We Are All Dragons

We have our lairs, and fill them with our hoards.

Oh, some people call them by other names. Houses, apartments, mansions . . . but we know what they are. And our hoards are furniture, books (lots and lots of books!) dishes and flatware. Knickknacks; gifts from friends, mementos of vacations. Art, from posters of our favorite bands to original water colors.

Tools and toys.

Oh yes my precious. We have jewelry and clothing and other fine things.

And we have ideas in our minds. Memories. Stories. People who never really existed. Wild ideas and wonderful dreams. Entire worlds, universes, all times and all places.

But the most precious is not thought to be a thing of dragons.

We have friends and family. People we share lair and hoard with, especially those ideas and dreams. Or perhaps they too are a part of our hoards, we certainly save and treasure our interactions with them.

Writers go one further. We write out our ideas and spread them, broadcast them to any who will give us a token in return. We do not hoard our ideas, although a few expressions of them will never be seen by others. We want to share them with the world.

And then, dragon-like, we collect reviews, facebook comments and “likes.” We hoard our readers opinions of our wild flights of fancy, retreat to our lairs to count and weigh our Amazon reviews, track our author ranking, the sales ranks of the latest dragonette we’ve kicked out of the lair to fly, to soar or falter.

And we tread a circle in our nests of old rejection slips and best reviews, and start incubating the next idea.

And the last idea:



    1. My boss insisted on keeping the spares for a machine we haven’t had in 10 years (according to our IT guy who was the one who junked the thing) when we moved offices. I don’t think it’s just authors.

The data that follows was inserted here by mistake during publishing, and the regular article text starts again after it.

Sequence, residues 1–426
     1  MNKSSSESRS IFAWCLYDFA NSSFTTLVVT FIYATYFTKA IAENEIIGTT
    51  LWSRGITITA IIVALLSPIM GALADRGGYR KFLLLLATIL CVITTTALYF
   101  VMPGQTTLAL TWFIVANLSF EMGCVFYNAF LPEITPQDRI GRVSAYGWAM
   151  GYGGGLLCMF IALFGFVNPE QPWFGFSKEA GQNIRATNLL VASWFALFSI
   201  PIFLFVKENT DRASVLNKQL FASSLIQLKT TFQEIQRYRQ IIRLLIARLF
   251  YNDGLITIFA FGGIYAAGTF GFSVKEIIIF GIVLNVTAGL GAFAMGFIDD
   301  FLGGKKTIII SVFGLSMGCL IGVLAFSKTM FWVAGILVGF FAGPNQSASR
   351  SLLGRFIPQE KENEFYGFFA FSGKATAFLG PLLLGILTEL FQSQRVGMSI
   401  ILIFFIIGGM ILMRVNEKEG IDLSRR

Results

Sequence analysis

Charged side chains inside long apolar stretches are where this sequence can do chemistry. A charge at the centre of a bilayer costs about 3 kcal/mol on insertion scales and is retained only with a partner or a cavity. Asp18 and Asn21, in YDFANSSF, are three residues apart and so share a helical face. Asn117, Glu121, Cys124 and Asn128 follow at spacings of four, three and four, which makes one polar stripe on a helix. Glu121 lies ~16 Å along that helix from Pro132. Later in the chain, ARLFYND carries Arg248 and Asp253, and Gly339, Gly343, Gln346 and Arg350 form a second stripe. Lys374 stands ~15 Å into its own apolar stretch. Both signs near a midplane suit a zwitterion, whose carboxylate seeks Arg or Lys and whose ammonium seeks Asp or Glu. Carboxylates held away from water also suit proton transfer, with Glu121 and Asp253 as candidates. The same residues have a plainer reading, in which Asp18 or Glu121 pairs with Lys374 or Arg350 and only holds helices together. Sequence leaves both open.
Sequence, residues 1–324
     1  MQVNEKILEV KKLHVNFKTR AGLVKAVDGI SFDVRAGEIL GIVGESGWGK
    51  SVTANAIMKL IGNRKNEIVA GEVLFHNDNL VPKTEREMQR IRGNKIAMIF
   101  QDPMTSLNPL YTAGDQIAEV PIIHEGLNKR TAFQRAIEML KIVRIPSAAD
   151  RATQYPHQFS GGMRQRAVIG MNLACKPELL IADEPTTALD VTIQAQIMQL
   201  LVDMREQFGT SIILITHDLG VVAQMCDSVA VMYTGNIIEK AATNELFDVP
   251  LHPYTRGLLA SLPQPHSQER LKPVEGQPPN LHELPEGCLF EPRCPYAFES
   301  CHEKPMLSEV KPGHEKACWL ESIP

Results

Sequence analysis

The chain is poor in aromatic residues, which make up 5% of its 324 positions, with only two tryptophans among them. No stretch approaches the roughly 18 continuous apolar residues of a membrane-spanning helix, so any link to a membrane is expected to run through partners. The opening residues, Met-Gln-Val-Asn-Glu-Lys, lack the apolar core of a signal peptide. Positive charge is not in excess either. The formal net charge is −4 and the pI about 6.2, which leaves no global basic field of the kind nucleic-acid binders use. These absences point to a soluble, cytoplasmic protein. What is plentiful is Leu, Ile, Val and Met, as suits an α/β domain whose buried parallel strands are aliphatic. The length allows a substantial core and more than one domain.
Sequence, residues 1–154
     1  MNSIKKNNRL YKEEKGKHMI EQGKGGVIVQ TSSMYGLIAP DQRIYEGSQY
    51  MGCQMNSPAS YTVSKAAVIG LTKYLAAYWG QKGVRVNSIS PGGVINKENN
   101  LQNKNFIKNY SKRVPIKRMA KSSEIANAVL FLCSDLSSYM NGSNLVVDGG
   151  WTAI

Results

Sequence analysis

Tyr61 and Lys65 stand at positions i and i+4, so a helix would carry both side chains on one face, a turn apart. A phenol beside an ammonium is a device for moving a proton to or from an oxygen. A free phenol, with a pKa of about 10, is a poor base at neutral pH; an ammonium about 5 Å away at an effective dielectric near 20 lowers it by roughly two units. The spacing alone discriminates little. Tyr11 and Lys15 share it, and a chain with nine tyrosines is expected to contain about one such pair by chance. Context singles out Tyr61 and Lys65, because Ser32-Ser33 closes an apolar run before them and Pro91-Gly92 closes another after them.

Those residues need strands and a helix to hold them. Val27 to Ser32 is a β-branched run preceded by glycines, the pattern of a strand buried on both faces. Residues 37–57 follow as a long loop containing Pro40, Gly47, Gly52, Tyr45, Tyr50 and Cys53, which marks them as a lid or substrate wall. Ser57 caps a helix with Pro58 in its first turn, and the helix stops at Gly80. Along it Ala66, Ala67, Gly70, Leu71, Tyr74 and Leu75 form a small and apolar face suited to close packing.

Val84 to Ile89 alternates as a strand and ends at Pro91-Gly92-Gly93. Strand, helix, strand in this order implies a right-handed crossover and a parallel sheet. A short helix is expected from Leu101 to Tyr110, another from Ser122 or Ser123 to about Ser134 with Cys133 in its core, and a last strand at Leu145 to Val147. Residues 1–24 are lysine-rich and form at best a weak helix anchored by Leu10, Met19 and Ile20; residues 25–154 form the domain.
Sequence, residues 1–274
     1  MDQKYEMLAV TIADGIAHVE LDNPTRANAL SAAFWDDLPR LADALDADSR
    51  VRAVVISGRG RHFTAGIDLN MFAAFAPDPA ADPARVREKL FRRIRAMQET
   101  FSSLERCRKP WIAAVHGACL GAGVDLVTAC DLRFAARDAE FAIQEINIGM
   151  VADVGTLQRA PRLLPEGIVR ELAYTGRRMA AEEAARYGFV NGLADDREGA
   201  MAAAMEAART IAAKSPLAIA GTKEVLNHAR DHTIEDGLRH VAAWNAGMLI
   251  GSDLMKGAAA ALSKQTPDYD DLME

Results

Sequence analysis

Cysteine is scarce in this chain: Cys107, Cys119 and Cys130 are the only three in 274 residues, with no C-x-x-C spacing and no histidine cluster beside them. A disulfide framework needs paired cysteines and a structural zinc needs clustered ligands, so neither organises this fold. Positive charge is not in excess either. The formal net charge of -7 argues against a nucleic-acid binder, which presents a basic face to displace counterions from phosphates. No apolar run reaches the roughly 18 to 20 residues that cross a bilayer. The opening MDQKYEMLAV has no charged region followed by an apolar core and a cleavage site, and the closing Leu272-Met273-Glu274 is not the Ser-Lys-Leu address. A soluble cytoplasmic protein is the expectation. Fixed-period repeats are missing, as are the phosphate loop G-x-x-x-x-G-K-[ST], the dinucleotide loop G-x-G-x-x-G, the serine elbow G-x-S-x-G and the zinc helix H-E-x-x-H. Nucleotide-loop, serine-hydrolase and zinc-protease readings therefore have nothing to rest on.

1. It’s not just authors. I got the packrat gene from both sides of the family.

        For a while, my grandfather ran the county dump. You couldn’t throw anything away because it would come right back with “can you *believe* the stuff people throw away?”

      2. On one project long ago, I was given a lengthy list of terminals to interface (make sure our software could talk to). One of them was problematic, at best, from the manuals. I asked our contact, a sergeant, if it was necessary. After checking, he reported that there were supposed to be two (2!) in the world-wide army inventory, but no one could find them. So I could drop that terminal from the list. Whew!

        Later, I was introduced to the RCA government spares inventory. At that time, the government sent a fair chunk of change every year to RCA to keep spare parts on hand for a large variety of systems that had been purchased by the government over the years. I could not find anyone who was checking whether those systems were still in use, though.

        Hoards are especially well-liked by librarians and archivists, of course. But to do it right, you need a multi-terabyte disk and a good version control system!

        1. Backups. I . . . with great reluctance have tossed not just the 3.5 inchers, but the 5 in floppies as well. I needed the room for for the CD backups from the more recent parts of the Holocene.

    1. I’m wondering – what kind of music could you make by combining a cheap synthesizer and a snarl? *thinks acid-rock guitar*

      (sorry. My mind’s organized like my office – stacks of unrelated papers.)

        1. The younger son was like that, yet his hoard of cheap synthesizers, not to mention many instruments, was abandoned as he flew the nest for far territories. The lure of the exotic orient has claimed him, but he has no doubt started a new hoard.

          1. i was saying that synthesizers and a snarl would be industrial metal.
            I do darkwave

            If your son abandoned his synths, what’s left? 😀

                1. Oh! Well, see, there’s a room full of “stuff” that I haven’t a clue about. It’s boxed up and fills every nook and cranny, under the bed, the walk-in closet, along the wall . . . Most of it’s “physical” rather than digital, so probably not what you’d call a synth, even though they make music. Ahem, in hands other than mine. It’s interesting, checking the definition, as used. I’d have thought an electric guitar would qualify, but since the sound is created physically it isn’t.

                    1. Eh, Eric’s a purest. He’s informed me that if the music is made by vibrating a string, it’s not synth. I should have asked him about the electric organ.

  1. You say we’re all dragons, but I have yet to have any success when I ask the community to bring me beautiful young maidens.

    1. Have you eaten any of the villagers yet? Carried off any cows? (More than a quarter pound at a time.) Burned any wheatfields? Then they probably aren’t sufficiently terrified. None but the bold deserve the fair, ’tis said.

Comments are closed.